Deprocessing And SEM For Semiconductor Failure Analysis

Finding failure sites that are hidden from optical view.


A typical semiconductor is fabricated from metal and barrier layers separated by passivation layers. A further glassivation and/or polyimide layer on top of these provides environmental and mechanical protection.

Optical microscopes
By using optical microscopy, the semiconductor die can be inspected for failure modes such as top-down visible crack degradation, melt-down of metal conductors, etc. However, if the failure site is hidden from optical view, or if characterisation of metallisation quality needs to be performed, the IC needs to be deprocessed to provide samples for analysis.

Deprocessing – layer by layer
DELTA can provide top-down deprocessing (delayering) of the whole die, exposing metal and passivation layers one by one for visual inspection by means of Scanning Electron Microscopy (SEM). This process also allows parts of the device that are not accessible from the bonding pads to be probed electrically, to support functional debugging.

Fig. 1: A die before and after deprocessing – all four metal layers are uncovered in one step.

Reactive ion etching (RIE)
Deprocessing is achieved typically by using a combination of plasma reactive ion etching (RIE) and wet chemical selective etching. The top passivation layer is removed by RIE. A suitable mixture of gases, pressure and RF settings is chosen based on the materials that need to be removed (which is typically a sandwich structure consisting of a polyimide layer on top of silicon nitride and/or silicon oxide).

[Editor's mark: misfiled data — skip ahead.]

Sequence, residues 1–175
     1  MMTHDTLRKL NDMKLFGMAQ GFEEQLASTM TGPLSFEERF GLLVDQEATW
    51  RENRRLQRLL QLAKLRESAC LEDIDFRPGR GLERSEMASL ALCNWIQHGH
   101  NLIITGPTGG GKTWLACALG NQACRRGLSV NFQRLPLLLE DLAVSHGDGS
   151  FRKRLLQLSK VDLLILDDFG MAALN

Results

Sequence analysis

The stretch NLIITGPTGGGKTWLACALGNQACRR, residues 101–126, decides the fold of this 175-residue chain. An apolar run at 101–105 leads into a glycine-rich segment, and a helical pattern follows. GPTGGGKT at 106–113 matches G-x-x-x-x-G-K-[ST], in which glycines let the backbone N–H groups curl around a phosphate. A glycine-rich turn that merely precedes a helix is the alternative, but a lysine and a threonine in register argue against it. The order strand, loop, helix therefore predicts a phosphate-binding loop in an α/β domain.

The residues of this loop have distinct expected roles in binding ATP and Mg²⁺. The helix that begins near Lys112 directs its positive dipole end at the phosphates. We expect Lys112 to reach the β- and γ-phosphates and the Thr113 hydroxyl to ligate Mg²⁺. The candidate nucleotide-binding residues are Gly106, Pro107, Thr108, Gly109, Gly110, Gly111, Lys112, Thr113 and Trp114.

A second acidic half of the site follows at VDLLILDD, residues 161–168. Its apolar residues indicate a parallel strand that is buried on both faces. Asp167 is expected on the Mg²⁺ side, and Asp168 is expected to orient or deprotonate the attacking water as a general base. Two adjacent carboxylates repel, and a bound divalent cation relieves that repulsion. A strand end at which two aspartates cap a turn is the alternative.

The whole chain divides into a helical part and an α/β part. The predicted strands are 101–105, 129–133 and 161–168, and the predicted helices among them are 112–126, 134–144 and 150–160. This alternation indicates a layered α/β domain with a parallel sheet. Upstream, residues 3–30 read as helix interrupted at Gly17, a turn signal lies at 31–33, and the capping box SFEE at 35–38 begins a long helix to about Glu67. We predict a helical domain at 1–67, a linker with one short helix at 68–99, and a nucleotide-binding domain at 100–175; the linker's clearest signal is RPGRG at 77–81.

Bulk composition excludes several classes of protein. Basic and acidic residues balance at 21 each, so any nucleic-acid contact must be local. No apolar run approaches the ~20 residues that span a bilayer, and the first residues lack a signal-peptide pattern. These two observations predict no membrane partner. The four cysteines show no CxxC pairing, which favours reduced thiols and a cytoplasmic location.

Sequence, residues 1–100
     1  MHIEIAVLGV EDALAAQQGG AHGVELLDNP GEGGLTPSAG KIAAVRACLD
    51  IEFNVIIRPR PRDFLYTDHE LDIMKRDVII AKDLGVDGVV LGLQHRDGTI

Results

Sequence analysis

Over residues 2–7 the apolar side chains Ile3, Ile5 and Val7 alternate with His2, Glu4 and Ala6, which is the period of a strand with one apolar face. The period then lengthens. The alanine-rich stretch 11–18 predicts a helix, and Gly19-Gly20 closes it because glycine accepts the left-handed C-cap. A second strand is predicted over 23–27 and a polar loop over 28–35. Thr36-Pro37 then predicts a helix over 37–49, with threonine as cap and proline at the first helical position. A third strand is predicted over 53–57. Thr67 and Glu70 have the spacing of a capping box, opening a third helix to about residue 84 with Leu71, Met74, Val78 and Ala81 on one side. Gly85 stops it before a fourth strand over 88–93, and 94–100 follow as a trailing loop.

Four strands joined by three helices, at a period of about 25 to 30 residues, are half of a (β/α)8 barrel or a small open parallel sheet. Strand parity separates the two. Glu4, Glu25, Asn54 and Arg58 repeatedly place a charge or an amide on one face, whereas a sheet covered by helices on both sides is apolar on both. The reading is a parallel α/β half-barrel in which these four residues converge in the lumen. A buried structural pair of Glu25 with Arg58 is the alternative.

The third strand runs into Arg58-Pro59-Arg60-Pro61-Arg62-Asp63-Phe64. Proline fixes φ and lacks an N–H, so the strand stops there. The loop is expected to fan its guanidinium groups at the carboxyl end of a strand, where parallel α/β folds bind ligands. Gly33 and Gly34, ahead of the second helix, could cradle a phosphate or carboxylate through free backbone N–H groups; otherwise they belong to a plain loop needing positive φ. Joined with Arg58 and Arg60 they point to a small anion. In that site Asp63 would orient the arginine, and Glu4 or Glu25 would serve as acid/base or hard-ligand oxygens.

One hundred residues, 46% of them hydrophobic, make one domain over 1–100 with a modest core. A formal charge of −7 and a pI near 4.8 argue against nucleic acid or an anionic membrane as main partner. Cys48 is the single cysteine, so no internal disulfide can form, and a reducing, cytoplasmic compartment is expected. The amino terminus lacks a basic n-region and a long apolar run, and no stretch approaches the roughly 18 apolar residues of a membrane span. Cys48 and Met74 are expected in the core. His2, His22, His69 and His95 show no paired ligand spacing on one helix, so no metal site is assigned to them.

Metal layers and subsequent barrier layers are then removed by dedicated selective wet chemical etching. Passivation inter layers are then again removed by the appropriate form of RIE.

After each deprocessing step, the semiconductor is inspected optically. For higher resolution, examination of very small structures like the microstructure of a failure site, sub-micron size conductors or evaluation of metal step coverage and/or metallisation voiding, SEM is the preferred analysis tool.

The images below illustrate typical SEM documentation of various stages of deprocessing, to show what can be investigated, and the ability of the technique in providing highly detailed views, measuring critical dimensions and evaluating processing quality:

Images of SEM documentation

Fig. 2: All four metal layers and poly layers are uncovered (12,000x magnification).

Fig. 3: A processed sample titled at 30º to provide a perspective view (6,000x magnification).

Fig. 4: Another part of the deprocessed sample titled at 45º (5,000x magnification).

Fig. 5: Enlargement of the bottom ‘Metal 1’ metal layer of a device, allowing grain boundaries to be examined (50,000x magnification).

Fig. 6: The top glassivation, metallisation and barrier layers have been removed on this sample (3,000x magnification)

Fig. 7: The passivation layer and the plugs connecting to the next metal layer can now be examined (8,409 magnification).

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